Schizophrenia: From the brain to peripheral markers. A consensus paper of the WFSBP task force on biological markers

G. Stober, M. Ben-Shachar, M. Cardon, P. Falkai, A.N. Fonteh, M. Gawlik, B.Y. Glenthoj, E. Grunblatt, Assen Jablensky, K. Yong-Ku, J. Kornhuber, T.F. Mcneil, N. Muller, B. Oranje, T. Saito, M. Saoud, A. Schmitt, M. Schwartz, J. Thome, M. UzbekovN. Durany, P. Riederer

    Research output: Contribution to journalArticlepeer-review

    69 Citations (Scopus)


    Objective. The phenotypic complexity, together with the multifarious nature of the so-called ‘‘schizophrenic psychoses’’,limits our ability to form a simple and logical biologically based hypothesis for the disease group. Biological markers aredefined as biochemical, physiological or anatomical traits that are specific to particular conditions. An important aim ofbiomarker discovery is the detection of disease correlates that can be used as diagnostic tools. Method. A selective review ofthe WFSBP Task Force on Biological Markers in schizophrenia is provided from the central nervous system to phenotypes,functional brain systems, chromosomal loci with potential genetic markers to the peripheral systems. Results. A number ofbiological measures have been proposed to be correlated with schizophrenia. At present, not a single biological trait inschizophrenia is available which achieves sufficient specificity, selectivity and is based on causal pathology and predictivevalidity to be recommended as diagnostic marker. Conclusions. With the emergence of new technologies and rigorousphenotypic subclassification the identification of genetic bases and assessment of dynamic disease related alterations willhopefully come to a new stage in the complex field of psychiatric research.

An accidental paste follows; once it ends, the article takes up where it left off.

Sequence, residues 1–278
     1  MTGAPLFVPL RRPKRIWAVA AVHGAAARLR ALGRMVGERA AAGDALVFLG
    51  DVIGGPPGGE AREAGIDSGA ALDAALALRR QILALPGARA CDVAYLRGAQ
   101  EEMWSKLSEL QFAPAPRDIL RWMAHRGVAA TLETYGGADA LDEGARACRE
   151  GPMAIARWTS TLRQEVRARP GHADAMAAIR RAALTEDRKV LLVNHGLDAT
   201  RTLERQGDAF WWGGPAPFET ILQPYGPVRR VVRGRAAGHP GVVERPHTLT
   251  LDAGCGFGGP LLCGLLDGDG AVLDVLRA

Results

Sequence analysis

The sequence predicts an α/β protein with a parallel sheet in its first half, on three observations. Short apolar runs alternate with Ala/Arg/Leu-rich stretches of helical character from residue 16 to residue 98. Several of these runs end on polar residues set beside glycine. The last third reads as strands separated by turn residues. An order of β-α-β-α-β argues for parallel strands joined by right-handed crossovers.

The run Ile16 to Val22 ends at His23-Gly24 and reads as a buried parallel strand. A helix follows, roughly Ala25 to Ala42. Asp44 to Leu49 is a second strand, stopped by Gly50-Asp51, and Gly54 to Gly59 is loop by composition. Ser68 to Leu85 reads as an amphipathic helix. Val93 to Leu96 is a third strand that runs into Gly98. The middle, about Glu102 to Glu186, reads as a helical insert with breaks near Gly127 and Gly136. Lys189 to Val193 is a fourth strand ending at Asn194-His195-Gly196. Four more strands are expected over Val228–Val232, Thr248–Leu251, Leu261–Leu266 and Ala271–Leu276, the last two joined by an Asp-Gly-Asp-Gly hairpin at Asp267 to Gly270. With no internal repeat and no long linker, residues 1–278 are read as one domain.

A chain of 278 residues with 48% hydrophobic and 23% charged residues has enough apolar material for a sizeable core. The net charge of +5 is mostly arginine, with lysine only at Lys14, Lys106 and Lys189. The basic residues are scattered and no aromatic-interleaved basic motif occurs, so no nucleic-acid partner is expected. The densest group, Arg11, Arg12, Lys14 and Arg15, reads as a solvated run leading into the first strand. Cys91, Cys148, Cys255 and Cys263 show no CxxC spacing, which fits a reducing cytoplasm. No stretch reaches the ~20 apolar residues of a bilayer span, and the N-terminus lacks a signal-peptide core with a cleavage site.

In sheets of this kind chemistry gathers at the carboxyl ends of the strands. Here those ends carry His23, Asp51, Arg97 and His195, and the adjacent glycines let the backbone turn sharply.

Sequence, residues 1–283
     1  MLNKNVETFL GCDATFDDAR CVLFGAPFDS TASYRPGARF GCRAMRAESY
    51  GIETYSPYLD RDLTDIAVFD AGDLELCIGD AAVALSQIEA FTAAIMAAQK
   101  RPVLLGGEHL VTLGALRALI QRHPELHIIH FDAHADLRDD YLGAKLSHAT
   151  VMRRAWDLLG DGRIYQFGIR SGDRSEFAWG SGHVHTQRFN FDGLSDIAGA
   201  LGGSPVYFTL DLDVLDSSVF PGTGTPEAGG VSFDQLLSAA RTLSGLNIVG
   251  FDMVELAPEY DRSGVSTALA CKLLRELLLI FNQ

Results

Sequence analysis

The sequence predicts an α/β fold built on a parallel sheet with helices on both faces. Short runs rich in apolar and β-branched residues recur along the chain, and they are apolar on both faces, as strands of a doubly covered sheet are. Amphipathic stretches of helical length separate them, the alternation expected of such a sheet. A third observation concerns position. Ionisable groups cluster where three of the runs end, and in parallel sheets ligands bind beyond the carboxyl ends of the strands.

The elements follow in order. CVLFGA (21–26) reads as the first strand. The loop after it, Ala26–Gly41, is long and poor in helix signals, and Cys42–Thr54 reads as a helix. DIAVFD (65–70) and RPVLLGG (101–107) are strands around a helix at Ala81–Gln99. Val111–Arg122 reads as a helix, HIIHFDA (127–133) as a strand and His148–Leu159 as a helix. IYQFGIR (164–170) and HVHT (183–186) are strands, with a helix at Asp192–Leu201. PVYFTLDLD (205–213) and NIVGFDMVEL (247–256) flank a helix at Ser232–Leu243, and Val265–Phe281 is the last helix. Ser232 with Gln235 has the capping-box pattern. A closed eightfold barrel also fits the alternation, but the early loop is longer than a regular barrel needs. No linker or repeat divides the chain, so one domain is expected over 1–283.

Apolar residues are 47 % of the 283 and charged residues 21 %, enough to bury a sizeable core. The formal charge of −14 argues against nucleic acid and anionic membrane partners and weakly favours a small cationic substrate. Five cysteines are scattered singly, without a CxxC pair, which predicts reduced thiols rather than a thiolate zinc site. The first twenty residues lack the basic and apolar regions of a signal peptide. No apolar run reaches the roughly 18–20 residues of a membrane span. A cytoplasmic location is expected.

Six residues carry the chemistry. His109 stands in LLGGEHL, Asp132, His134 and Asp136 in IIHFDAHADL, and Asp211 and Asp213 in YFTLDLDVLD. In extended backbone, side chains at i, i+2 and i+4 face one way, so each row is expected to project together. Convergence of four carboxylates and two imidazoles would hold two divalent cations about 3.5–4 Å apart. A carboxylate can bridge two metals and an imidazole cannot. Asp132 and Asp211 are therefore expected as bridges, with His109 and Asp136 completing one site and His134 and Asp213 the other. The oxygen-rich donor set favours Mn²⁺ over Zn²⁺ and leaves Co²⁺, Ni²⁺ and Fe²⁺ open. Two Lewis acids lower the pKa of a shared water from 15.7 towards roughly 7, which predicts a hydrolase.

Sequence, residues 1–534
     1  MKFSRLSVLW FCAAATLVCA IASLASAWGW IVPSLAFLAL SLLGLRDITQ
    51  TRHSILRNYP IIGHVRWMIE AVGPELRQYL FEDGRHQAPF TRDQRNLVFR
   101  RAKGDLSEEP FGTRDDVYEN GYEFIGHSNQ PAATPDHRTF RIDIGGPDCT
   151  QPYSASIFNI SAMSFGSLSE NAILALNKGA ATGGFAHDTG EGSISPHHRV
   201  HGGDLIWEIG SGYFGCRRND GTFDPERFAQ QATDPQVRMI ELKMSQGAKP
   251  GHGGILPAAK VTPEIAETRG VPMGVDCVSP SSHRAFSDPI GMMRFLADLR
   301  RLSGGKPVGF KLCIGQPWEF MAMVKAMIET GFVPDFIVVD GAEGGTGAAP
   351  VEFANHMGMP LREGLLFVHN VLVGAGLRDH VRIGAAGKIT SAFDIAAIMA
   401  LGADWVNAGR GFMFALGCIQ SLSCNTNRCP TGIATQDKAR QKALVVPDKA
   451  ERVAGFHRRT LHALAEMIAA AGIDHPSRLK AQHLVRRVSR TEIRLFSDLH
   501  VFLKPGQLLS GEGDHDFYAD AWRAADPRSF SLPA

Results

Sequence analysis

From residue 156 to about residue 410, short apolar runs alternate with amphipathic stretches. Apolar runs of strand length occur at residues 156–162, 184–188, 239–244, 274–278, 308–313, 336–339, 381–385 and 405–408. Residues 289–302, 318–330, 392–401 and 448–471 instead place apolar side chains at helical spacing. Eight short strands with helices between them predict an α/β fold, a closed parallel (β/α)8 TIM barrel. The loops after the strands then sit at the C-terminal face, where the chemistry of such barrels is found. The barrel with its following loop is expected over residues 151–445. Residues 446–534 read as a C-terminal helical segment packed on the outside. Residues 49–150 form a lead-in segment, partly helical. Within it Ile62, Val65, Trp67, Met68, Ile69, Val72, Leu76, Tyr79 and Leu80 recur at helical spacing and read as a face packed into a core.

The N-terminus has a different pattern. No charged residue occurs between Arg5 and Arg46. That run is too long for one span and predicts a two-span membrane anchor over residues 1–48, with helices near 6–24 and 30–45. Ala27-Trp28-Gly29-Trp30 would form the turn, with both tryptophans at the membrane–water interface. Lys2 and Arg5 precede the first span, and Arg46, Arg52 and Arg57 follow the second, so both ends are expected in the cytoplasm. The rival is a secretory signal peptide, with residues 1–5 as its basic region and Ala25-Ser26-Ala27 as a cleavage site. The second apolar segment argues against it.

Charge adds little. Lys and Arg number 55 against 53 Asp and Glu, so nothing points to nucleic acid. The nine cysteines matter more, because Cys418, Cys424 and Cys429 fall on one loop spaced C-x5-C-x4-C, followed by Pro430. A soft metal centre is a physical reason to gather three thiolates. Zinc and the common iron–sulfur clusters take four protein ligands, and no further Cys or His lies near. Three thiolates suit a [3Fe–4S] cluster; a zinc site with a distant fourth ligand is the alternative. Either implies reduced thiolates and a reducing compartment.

Original languageEnglish
    Pages (from-to)127-155
    JournalThe World Journal of Biological Psychiatry
    Issue number2
    Publication statusPublished - 2009


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